Feasibility and Safety of Intraoperative Colonoscopy after Segmental Colectomy and Primary Anastomosis
Patients presenting with near-obstructing colon lesions requiring segmental colectomy may benefit from intraoperative colonoscopy (IOC) after primary anastomosis for a more timely and accurate diagnosis of synchronous lesions. The aim of this study is to demonstrate the feasibility and safety of this technique. A retrospective cohort study of patients undergoing single-stage segmental colectomy and anastomosis at a single tertiary care institution from 2011 to 2013 was performed. One Hundred and sixty-eight consecutive patients underwent segmental colectomy and primary anastomosis of which 78 (46%) were unable to receive preoperative colonoscopy (POC) because of near-obstructing lesions and received IOC after the anastomosis. IOC detected synchronous adenomatous polyps in 24.4 per cent, diverticular disease in 19 per cent, and colitis/proctitis in 2.5 per cent. The IOC group was not significantly different from the POC group with regard to overall morbidity (31% vs 39% P = 0.45), anastomotic leakage (1.3% vs 0%, P = 0.46), or wound infection (5.1% vs 1.1%, P = 0.18). Operation time was 19 minutes longer in the intraoperative group, but overall length of hospital stay was not significantly different (6.4 ± 2.9 days vs 7.3 ± 4.6 days). In patients unable to receive POC because of partial obstruction, IOC after primary anastomosis is both feasible and safe for detecting proximal synchronous lesions.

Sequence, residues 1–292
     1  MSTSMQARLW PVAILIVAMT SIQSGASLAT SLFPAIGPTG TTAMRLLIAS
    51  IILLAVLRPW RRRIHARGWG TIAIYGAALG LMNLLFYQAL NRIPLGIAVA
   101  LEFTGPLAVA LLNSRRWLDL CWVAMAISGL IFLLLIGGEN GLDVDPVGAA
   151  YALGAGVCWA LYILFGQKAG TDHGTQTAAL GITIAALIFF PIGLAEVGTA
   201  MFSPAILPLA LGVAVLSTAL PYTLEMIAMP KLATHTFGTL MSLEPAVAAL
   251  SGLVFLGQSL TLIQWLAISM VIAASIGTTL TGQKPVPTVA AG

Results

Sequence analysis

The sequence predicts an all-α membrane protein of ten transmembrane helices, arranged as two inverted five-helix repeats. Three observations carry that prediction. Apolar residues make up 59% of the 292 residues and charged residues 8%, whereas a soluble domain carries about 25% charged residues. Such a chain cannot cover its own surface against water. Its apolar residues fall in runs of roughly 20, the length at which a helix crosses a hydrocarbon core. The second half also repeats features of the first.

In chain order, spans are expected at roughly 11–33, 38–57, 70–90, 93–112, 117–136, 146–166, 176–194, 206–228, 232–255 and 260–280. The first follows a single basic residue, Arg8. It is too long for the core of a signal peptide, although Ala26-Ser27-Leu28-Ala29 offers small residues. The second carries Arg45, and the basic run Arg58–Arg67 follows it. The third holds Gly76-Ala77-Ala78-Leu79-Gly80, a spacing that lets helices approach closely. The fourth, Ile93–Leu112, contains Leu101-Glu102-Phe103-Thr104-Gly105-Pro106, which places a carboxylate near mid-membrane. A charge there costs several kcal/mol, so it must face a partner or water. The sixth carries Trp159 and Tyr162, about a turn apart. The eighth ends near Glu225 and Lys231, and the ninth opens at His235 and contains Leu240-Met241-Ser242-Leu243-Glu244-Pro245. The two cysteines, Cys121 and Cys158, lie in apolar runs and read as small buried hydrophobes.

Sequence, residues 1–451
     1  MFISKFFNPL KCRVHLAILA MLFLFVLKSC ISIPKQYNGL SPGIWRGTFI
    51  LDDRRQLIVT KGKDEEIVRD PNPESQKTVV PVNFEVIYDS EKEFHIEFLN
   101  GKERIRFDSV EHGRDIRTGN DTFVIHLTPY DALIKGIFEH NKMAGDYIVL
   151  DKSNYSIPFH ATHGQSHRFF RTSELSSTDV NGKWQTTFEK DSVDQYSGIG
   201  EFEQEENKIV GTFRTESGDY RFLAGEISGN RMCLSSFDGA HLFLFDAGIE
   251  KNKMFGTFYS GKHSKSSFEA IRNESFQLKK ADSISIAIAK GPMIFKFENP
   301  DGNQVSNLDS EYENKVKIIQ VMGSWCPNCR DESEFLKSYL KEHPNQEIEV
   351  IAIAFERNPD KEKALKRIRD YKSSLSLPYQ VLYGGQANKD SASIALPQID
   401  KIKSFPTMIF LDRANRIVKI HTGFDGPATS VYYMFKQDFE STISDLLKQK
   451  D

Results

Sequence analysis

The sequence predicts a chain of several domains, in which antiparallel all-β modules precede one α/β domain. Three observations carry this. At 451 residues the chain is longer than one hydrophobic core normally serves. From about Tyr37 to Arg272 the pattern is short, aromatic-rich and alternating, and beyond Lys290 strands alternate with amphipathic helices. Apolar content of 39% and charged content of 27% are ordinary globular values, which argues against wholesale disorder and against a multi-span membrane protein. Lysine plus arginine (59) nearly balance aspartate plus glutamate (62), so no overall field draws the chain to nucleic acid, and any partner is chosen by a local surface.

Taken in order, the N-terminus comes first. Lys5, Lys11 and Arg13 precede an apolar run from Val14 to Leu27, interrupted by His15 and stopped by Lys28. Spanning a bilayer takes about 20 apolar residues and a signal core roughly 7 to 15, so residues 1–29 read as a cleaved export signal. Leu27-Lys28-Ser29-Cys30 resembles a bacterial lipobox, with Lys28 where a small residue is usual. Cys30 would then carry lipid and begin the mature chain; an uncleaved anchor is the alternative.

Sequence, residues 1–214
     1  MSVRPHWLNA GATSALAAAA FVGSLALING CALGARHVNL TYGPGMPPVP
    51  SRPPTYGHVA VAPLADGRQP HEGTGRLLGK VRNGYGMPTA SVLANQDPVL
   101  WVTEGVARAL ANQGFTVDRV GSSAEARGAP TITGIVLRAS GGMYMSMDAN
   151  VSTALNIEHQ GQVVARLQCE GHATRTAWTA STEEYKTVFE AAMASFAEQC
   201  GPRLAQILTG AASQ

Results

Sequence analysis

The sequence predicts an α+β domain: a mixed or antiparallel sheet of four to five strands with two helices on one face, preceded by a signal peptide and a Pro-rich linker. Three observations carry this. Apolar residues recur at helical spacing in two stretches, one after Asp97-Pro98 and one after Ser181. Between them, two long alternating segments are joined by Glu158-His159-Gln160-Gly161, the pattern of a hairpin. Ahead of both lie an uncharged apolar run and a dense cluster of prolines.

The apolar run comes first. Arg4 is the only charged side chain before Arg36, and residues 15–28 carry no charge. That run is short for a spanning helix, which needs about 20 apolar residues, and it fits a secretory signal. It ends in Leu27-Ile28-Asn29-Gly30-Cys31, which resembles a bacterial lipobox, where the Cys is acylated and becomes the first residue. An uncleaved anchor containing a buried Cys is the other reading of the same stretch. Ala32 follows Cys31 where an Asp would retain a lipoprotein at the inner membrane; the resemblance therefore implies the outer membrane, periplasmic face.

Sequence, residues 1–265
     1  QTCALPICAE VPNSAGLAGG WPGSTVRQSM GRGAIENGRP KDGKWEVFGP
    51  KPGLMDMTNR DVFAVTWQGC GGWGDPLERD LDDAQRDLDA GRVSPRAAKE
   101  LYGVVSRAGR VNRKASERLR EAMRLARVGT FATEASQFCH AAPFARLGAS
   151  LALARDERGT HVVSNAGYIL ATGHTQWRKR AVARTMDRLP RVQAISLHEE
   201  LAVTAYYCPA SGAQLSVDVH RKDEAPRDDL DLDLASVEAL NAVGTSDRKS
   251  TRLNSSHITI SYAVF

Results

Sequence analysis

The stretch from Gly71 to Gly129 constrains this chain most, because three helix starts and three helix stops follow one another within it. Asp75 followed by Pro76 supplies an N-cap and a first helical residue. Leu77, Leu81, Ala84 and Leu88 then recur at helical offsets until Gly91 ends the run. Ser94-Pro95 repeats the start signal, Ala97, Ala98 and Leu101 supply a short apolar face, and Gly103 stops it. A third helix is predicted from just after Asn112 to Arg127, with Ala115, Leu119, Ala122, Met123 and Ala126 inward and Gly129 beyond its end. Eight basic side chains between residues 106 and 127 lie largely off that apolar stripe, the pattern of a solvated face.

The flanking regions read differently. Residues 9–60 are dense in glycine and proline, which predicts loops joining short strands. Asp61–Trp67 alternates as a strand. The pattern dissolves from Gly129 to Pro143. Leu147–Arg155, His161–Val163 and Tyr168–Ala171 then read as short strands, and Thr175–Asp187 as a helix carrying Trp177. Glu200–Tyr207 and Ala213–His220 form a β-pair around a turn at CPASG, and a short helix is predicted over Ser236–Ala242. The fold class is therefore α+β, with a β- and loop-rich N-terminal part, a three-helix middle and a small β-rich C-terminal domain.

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Document Type: Research Article
Publication date: July 1, 2018
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